When a loved one receives an Alzheimer’s disease diagnosis, it is life-changing for them and the close people in their life — spouses and partners, children and grandchildren, friends and extended family. The disease changes how you interact with your loved one and how they can interact with you and those around them. While these relationships may change with a diagnosis, they can also grow into a new kind of special connection with patience and understanding. Yes, the diagnosis can be scary and difficult to discuss, but it can also bring family and friends together as a stronger support system.
The Alzheimer’s Caregivers Network asked the caregiving community to share personal experiences and advice for helping family and friends understand and navigate a loved one’s Alzheimer’s disease diagnosis. Read personal experiences and advice directly from caregivers and experts themselves:
Liz O’Donnell, founder of the Working Daughter community for women balancing caregiving and career, offers this advice to friends and extended family members of someone who has Alzheimer’s disease:
“Separate the disease from the person and encourage others to do the same. So reframe ‘Mom is acting aggressive’ to ‘Mom’s Alzheimer’s is making her aggressive.’ Doing this helps reduce the stigma around the disease and helps not to take someone’s actions personally.
Learn to just be with the person you are caring for. Rather than focusing on how your relationship used to be or comparing your interactions now to your interactions in the past, focus on how you are together in the moment. Toward the end of his life, my father didn’t remember I was his daughter, but he knew he enjoyed my company, and I enjoyed his. Our relationship didn’t need to be defined to have good times together.”
Caregiver Heather Sosa notices that people often feel unsure interacting with someone who has dementia. She shares tactics to ease discomfort in these conversations and interactions:
“I try to offer suggestions ahead of time to help, and I keep calm myself. Smiling and helping with sentences that may not make sense or jumbled words makes it easier, or just changing the conversation. We laugh a lot and keep it light. It can be exhausting, but what isn’t with this disease?”
Susan Nilson is the founder of The Cat and Dog House and a caregiver to her mom, who was placed in residential care a year ago. She offers this advice about communicating with a loved one who has dementia:
“It’s essential to understand that communication with someone who has Alzheimer’s disease may not have a rational structure or progression. So you really have to go wherever the conversation takes you and not have any specific expectations. It’s important not to point out if your loved one has forgotten something or got something wrong; this will just confuse or frustrate them because they can’t remember. Instead, just go with the flow wherever the conversation takes you. Even if it doesn’t make sense — it really doesn’t matter.”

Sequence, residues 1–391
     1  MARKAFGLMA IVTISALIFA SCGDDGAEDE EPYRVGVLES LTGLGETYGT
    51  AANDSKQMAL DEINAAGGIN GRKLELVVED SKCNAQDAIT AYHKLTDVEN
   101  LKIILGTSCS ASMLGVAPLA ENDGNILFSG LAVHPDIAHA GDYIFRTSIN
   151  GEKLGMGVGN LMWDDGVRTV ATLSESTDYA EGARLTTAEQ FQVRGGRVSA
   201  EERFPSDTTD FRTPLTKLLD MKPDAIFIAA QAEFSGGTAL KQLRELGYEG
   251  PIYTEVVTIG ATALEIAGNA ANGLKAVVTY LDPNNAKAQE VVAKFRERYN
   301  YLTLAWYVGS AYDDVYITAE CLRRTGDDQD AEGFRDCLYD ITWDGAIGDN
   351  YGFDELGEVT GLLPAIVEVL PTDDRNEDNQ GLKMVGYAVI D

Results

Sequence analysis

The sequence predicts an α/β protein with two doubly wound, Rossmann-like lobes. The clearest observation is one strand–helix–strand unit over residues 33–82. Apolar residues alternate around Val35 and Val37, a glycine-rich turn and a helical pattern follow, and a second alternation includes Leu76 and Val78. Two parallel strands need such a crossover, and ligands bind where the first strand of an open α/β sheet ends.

Nilson says photos are an excellent way to help a loved one maintain strong connections with friends and family members:
“Creating a photo book full of old photos and happy memories can also help maintain a connection with your loved one. Write or type underneath each photo who is in it, where it was taken, what’s happening in it, and the year (as close as possible). Sometimes your loved one may remember, and sometimes they won’t, but when they suddenly smile at a happy memory or funny picture, it’s worth its weight in gold. Order large printouts of photos of family members from an online print shop and put them up on the wall to help your loved one remember who their important family members are. Make sure you add some text with the person’s name to help them recognize them.”
She adds that every moment of engagement supports a special connection and should be cherished:
“Most of all, try to make them laugh. Do silly things. Mention silly family jokes or something funny someone used to say. I can only imagine how my mom’s spirits lift when I manage to make her smile, and it’s often something she carries with her for many hours afterward. Be aware that you will have good and bad days, and even good and bad moments in the same day. What your loved one has forgotten one day, they may remember at a different time. Don’t give up, and cherish the good moments when you get them.”
Reading can be a great way for family members and friends to navigate their loved one’s Alzheimer’s diagnosis. On an Alzheimer’s Caregivers Network Instagram post, Shar recommended the book “A Caregiver’s Guide to Dementia: An Unintended Journey” by Janet Yagoda Shagam.
“It just gives what to look out for ahead of the game. Everyone will get something different from it depending on their loved one’s needs and characteristics.”